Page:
Jill Santopolo captures hearts with ‘More Than Words’
Dessi Gomez | Friday, March 22, 2019
Jill Santopolo’s second novel, “More Than Words,” was released on Feb. 5. Readers of her debut novel, “The Light We Lost,” highly anticipated this return to the printing press and bookshelf. Santopolo’s newest book wows readers once more with captivating characters and well-placed plot twists, successfully drawing them into protagonist Nina Gregory’s world.
Nina is the daughter of Joseph Gregory, owner of the Gregory Hotels in New York City. Nina’s mother died when she was 13, and her father faces a relapse as he battles cancer. As the coming-of-age story unfolds, Nina discovers things about her parents that shake her to the core. Despite these unsettling discoveries, Nina finds stability in her best friend-turned-boyfriend Timothy Calder. Nina and Tim have been friends since Nina’s birth — their fathers were college roommates at Yale University. Having grown up alongside each other, the two get together as a couple just nine months before the start of the book. Although they’ve only been together a short time, it’s becoming pretty clear that Nina and Tim will get married. Or is it?
Before taking over the Gregory Hotels, Nina worked as a speech writer for Rafael O’Conner-Ruiz, an ex-immigration lawyer running for mayor of New York City. Nina and Rafael grow closer throughout the process of his campaign, and it’s only a matter of time before the two have to acknowledge the gravity between them — an unexpected chemistry that, along with two big bombshell secrets, shatters the last shreds of stability that Nina has in her current lifestyle.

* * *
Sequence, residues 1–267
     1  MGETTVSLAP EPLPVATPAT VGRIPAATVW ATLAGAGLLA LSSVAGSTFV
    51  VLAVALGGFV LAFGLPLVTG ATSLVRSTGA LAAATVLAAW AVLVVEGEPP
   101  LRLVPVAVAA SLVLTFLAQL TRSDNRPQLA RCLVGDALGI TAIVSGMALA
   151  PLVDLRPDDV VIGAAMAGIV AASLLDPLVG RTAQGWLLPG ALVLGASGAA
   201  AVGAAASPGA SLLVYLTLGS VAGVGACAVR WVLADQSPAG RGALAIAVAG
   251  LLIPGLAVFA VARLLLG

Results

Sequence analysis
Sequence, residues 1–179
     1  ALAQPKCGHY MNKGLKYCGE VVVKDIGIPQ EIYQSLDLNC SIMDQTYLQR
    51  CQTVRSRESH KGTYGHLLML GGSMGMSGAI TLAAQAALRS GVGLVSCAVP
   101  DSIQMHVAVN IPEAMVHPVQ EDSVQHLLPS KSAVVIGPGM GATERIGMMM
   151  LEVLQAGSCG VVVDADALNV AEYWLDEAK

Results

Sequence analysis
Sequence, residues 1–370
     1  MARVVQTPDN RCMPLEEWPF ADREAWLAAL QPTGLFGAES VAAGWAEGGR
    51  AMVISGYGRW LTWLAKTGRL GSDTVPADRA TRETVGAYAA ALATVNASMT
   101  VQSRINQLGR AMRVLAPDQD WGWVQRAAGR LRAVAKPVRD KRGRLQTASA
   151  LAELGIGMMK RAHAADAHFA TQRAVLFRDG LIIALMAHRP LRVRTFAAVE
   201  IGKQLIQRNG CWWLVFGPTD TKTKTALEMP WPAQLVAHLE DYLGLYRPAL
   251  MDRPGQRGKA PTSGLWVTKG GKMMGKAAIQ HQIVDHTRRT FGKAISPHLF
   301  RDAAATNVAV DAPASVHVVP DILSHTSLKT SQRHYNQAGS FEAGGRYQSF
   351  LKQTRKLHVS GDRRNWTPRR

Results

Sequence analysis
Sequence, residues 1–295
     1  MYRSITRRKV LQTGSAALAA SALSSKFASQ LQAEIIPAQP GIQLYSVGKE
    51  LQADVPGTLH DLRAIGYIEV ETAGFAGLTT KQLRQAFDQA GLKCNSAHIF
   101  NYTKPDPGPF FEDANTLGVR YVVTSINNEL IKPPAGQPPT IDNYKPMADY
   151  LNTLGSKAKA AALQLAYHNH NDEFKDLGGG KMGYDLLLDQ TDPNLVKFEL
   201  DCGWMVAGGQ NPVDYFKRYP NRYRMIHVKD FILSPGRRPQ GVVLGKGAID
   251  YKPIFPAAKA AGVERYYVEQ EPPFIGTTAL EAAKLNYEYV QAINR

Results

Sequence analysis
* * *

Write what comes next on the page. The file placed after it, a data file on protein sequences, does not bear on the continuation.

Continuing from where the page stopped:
Santopolo’s graceful writing style moves the story along at a smooth clip. She does a great job of letting readers into the heads of the characters, though sometimes it seems that she drags out worrisome scenarios and big decisions. She makes up for these slow sections with her elaborate descriptions of various characteristics, metaphors and memories from Nina’s childhood.
Poetry permeates the novel. “Jabberwocky,” a poem by Lewis Carroll, lies at the heart of the story, symbolizing the strong connection between Nina and her father. Nina and Rafael also discuss different types of poetry, ascribing various forms to the personalities of their friends and family. Since this is the type of intimacy that authenticates relationships, it is no surprise that Nina and Rafael feel drawn to each other.
Unfortunately, Nina’s life becomes more complicated when certain secrets are revealed, her ties to Tim and his family suddenly become tangled, her trust falters and she begins to question who she really is.
As these changes occur, a beautiful metamorphosis unfolds amidst Nina’s hardship. The transformation that readers witness rewards them, and the conclusion of Rafael’s mayoral campaign provides the perfect climax at the end of the book. Santopolo cleverly infuses a love story and a tale of family ties with a parable of political complexity, mirroring the many layers of New York City itself.
Santopolo impresses readers with her knowledgeable navigation of New York City. Santopolo’s narration of Nina’s whereabouts shows her familiarity with the city itself, and immerses readers even further into Nina Gregory’s world.
Nina’s relationships outside of her family and love interests are also well-developed, especially with Priscilla and her college roommate Leslie. The interactions between the women in this book were some of my favorite parts to read.
Ultimately, Santopolo’s sophomore work lives up to her debut through both its similarities and its differences. Her strong central female figures share various worries and waverings, while the men in their lives provide both problems and solutions. In both books, the main characters face challenges that shape who they are in the end.
The views expressed in this column are those of the author and not necessarily those of The Observer.